Supply Chain Profile: Apple, China, Cook & Covid

Apple's Supply Chain is Held to be a Marvel of the Just-in-Time Inventory Model. The Brainchild of CEO Tim Cook, How Did it Survive the Worst of Covid?

To understand Apple’s supply chain, one need only glance at the company’s Supplier List, which comprises around 300 vendors.

Apple says the list of companies “makes up 98% of our direct spend for materials, manufacturing and assembly of our products worldwide”. 

It also says that around 250 of these businesses have pledged to use renewable energy for Apple production – up from 213 suppliers the year before. 

Around half of Apple’s suppliers are based in mainland China, with others spread throughout Southeast Asia – in Taiwan, Japan, Vietnam, Philippines, Singapore and South Korea. 

Its biggest, and longest standing, supplier is Foxconn, the Taiwanese multinational electronics contract manufacturer. which has 35 plants globally, in India, Brazil, China, and Vietnam. 

Back in 2022 -- when China finally succumbed to the coronavirus -- Apple’s strategy of basing much of its manufacturing capacity in the country was called into question. Now, though, it appears to be more or less back on track.  

Foxconn’s biggest Apple plant is the Zhengzhou iPhone facility in northeast China, which at its pre-pandemic peak employed a mind-boggling 300,000 people around the clock. The plant was hit by devastating Covid disruption back in November 2022, an event that marked the low-water mark for Apple’s supply chain. Now, though, the plant is back to operating with around 200,000 people and output is close to being back where Apple expects it.

Apple prefers fewer suppliers & stronger relations  

Compared to most multinational companies, Apple has a minuscule supplier list. This is because the company likes to maintain super-strong relationships with its value chain partners, as this gives it great flexibility in responding to demand surges. 

This, coupled with Apple’s huge production capacity, allows the company to provide products when and where customers want them – the so-called just-in-time inventory model.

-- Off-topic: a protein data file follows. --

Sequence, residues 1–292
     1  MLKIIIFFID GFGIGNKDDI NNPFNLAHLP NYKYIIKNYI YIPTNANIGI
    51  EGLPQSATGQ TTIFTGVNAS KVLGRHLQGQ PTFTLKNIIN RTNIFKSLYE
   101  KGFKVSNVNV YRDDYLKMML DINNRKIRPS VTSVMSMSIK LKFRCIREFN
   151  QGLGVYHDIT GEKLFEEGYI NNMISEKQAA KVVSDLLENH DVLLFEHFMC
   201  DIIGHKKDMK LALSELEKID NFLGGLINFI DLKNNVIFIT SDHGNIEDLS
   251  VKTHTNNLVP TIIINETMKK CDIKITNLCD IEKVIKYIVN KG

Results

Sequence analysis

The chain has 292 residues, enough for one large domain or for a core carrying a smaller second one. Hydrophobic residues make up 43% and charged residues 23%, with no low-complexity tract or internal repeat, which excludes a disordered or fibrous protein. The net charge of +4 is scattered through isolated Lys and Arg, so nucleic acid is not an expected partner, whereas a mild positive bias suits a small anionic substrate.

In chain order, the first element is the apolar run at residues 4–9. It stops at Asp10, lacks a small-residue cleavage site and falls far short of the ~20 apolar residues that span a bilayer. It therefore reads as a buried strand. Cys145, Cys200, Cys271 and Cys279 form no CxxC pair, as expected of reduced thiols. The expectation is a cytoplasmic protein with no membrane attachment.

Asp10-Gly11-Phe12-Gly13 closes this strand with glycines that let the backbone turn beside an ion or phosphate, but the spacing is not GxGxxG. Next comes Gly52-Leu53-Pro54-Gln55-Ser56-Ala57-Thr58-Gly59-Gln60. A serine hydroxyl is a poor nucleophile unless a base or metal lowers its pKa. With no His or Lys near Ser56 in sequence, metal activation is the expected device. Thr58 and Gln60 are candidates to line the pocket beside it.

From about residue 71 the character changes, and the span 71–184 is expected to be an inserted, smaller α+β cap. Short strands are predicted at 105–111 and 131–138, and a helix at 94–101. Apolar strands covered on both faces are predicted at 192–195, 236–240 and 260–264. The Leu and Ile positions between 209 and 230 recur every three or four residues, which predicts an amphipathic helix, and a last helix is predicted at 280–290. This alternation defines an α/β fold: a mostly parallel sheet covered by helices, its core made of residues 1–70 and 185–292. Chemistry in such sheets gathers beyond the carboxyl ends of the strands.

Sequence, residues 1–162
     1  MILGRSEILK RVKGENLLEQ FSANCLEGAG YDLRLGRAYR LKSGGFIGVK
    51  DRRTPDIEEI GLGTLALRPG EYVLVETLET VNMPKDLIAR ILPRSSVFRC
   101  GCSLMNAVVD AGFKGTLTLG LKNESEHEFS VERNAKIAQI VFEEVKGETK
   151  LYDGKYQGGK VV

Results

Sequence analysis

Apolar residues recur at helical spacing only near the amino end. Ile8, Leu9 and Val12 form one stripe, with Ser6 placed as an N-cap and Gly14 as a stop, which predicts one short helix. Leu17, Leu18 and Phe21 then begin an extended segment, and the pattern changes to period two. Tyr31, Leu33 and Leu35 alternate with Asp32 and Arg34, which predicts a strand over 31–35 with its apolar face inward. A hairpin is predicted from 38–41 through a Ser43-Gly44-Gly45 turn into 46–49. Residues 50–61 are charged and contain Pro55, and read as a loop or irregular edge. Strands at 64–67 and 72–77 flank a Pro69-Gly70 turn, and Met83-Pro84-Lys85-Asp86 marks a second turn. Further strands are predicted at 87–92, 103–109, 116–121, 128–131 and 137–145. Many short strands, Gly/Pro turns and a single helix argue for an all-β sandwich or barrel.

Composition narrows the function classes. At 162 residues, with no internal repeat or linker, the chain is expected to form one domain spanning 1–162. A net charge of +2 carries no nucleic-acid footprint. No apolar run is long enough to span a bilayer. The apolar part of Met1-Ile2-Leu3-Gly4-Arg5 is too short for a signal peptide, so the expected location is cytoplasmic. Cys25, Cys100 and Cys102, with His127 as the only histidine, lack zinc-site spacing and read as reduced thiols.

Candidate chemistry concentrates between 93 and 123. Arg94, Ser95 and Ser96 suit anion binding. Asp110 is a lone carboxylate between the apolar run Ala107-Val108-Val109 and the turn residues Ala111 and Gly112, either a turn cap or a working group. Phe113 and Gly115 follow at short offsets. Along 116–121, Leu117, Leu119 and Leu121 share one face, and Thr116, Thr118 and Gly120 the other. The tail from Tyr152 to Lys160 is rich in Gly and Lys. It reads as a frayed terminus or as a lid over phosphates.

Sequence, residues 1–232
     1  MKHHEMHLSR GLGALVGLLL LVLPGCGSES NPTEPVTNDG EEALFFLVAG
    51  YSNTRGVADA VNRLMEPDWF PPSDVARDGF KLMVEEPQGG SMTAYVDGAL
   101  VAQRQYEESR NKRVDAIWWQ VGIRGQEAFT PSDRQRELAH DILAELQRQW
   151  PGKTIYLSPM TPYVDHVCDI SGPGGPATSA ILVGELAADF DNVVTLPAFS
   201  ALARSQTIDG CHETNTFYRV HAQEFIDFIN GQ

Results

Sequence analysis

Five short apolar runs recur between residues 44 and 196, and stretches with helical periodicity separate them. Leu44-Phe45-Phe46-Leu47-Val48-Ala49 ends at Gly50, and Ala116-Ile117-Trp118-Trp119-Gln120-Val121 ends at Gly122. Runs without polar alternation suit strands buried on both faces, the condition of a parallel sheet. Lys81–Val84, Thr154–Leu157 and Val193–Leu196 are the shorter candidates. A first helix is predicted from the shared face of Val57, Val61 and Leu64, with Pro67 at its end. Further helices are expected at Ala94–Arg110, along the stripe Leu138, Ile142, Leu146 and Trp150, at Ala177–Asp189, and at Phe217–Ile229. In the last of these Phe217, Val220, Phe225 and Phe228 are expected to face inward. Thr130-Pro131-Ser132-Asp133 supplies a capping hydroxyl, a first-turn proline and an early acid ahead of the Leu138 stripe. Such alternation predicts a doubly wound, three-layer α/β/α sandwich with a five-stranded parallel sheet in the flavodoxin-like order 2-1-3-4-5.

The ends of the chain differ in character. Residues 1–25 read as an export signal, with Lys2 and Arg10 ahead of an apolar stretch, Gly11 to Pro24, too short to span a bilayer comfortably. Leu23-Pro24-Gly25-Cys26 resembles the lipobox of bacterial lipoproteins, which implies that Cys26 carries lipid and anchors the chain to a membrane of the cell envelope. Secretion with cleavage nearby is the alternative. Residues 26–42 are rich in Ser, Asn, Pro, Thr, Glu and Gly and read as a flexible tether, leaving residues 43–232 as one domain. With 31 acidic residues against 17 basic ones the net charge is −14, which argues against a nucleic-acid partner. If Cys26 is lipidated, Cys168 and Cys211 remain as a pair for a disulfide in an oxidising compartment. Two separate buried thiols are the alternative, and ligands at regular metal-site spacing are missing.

The architect of Apple’s supply chain is CEO Tim Cook, who joined Apple in 1998, having been recruited by CEO and co-founder, Steve Jobs. Cook set about reinventing the company supply chain, slashing inventory levels and its number of suppliers.

When Jobs knew he was dying from pancreatic cancer, it was Cook he appointed as CEO, having seen how he’d turned the company’s fortunes around, by ensuring growth was never curtailed by lack of supply. 

Even when demand for iPhones was off-the-charts crazy, Cook ensured they were always available in their tens of millions. Knowing iPhones were high on people’s Christmas wish lists, one of his ploys was to book tens of millions of dollars of holiday season air freight, months in advance – thus cutting out competitors, leaving them scrambling to ship products during the holiday season.

Cook famously said he finds inventory “fundamentally evil”, likening it to dairy products. “And who wants to buy spoiled milk?” he asks. Minimum inventory also has the benefit of reducing storage costs.

Cook’s supply JIT model may have been severely tested by the global pandemic, but then what supply chain hasn’t been?


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